Welcome to the eleventh edition of our newsletter. In these monthly newsletters we will be showing you how not to gamble with your or your patients/clients Social Security Disability and/or SSI benefits. We will also be providing you with useful information on Wills, Living Wills, Powers of Attorney and Special Needs Trusts.
|Social Security Benefits Not Expected to Increase in 2010 or 2011|
For the first time in more than three decades, recipients of Social Security benefits (including Social Security Disability benefits) will not get any increase in their benefits next year, federal forecasts show.
The absence of a cost-of-living adjustment, calculated under a formula set by law, will be a shock to older Americans and the disabled already hit by plummeting home values, investment losses and rising health costs.
More than 50 million people receive some form of Social Security benefits. Social Security Recipients have received automatic cost-of-living adjustments every year since 1975. The increase this year was 5.8 percent.
The forecasts, by the Obama administration and Congress, indicate that Social Security beneficiaries will not receive any cost-of-living increase in 2010 or in 2011. The COLA is intended to preserve the purchasing power of Social Security, by increasing benefits to keep pace with consumer prices. In the last year, overall inflation has been low, largely because of the economic downturn and a decline in energy prices.
The Congressional Budget Office, predicted that inflation would remain low for several years, so Social Security might not pay a cost-of-living increase until January 2013. President Obama's budget assumes no increase in 2010 or 2011, then a 1.4 percent COLA in 2012.
For more information on Social Security Disability benefits please click here.
|Most Adults With Special Needs Require Estate Planning Documents|
Disabilities take many forms, and not all of them affect a person with special needs' ability to make decisions. In fact, although many, if not most, people with either mental illness or some form of cognitive disability may require significant care, they can still carry out most day-to-day activities. In most cases, people with disabilities have the capacity to create their own estate planning documents, and in some cases it is crucial that they do so.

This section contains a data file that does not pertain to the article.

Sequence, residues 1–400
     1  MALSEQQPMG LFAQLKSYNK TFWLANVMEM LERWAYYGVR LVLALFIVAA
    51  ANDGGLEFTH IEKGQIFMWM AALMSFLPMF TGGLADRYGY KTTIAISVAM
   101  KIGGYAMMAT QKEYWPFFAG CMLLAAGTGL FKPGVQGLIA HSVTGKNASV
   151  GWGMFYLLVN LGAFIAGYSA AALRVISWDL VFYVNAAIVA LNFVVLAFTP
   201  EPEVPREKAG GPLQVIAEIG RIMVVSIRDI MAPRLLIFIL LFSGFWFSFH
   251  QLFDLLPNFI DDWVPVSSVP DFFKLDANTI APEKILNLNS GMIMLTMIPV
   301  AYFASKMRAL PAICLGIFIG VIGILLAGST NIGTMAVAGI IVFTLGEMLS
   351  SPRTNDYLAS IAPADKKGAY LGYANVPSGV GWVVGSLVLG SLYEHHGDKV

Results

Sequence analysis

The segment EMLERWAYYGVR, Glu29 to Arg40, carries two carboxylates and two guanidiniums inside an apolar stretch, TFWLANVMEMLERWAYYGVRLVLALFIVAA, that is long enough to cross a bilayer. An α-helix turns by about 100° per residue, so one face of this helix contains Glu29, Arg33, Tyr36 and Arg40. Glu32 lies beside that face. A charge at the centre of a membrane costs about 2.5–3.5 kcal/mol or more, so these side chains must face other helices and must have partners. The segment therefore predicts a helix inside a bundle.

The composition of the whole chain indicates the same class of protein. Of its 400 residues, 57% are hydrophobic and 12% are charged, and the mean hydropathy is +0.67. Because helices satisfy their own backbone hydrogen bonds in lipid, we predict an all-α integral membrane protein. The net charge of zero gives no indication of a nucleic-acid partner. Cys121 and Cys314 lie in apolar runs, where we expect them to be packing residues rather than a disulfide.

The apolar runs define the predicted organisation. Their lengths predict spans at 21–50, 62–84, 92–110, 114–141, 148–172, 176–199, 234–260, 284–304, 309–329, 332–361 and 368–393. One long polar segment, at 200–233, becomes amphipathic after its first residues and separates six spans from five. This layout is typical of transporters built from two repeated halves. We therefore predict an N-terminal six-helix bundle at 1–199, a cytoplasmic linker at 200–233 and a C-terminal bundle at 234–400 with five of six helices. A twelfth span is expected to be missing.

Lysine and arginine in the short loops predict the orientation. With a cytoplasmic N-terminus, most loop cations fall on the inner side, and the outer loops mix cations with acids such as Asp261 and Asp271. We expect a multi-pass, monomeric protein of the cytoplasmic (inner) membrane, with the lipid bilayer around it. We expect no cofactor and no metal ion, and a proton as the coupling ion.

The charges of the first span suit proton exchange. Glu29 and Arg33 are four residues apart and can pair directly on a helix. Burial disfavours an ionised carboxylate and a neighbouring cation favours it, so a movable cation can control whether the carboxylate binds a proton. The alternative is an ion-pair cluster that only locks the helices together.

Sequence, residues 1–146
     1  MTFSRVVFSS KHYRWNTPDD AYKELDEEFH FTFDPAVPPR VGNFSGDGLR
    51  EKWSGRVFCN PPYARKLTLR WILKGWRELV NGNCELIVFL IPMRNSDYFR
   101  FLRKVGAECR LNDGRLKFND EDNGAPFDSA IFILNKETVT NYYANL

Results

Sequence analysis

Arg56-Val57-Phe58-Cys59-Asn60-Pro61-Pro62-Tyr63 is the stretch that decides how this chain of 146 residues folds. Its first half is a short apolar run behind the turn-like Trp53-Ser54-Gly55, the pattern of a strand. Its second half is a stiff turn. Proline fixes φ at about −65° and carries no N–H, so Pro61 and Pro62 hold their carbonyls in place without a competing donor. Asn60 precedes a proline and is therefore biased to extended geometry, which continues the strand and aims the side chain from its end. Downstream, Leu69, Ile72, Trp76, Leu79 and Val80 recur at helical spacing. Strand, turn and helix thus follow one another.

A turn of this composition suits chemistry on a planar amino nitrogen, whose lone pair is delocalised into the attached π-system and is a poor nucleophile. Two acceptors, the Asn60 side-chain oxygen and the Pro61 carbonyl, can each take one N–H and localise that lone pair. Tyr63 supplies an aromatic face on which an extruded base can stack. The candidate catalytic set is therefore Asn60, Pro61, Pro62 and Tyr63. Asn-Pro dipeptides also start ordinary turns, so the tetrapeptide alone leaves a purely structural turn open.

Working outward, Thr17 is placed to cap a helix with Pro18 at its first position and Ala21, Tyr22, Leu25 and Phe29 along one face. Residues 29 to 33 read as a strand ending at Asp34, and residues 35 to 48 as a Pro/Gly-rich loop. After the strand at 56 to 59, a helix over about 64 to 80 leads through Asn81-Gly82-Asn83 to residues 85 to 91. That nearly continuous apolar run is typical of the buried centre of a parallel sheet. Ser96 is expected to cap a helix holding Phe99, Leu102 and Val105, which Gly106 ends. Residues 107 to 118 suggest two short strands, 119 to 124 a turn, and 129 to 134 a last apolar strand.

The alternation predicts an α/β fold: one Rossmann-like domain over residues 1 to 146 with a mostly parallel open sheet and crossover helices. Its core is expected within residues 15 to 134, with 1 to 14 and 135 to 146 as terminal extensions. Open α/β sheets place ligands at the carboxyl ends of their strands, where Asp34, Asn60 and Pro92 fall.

One scenario that often arises has to do with "HIPAA" regulations. HIPAA, which stands for Health Insurance Portability and Accountability Act of 1996, is the primary federal regulation governing a patient's private medical information. HIPAA gives a patient the right to manage his/her medical information and regulates who can access that information. Because medical providers must follow HIPAA regulations, it is difficult for caregivers who legitimately need to access another person's medical records, often in an emergency, to do so without a health care power of attorney that authorizes the information's release. Under HIPAA, doctors in these situations can disclose medical information to patients' families, but they are not required to do so without a release from the patient.
Parents of children with special needs often bump into these restrictions for the first time when their child reaches 18 and obtains his/her own right to privacy under HIPAA. If the child is not under guardianship, either because he/she does not require it or because no one has obtained it, it may be hard for a parent to obtain information from a doctor or hospital without some form of HIPAA release from their child. In these cases, it is important for the child to execute a valid health care power of attorney and living will, if they are able to do so. The health care power of attorney and living will not only allows access to medical records, but will also provide that the child's wishes are carried out if he/she ever requires serious medical care.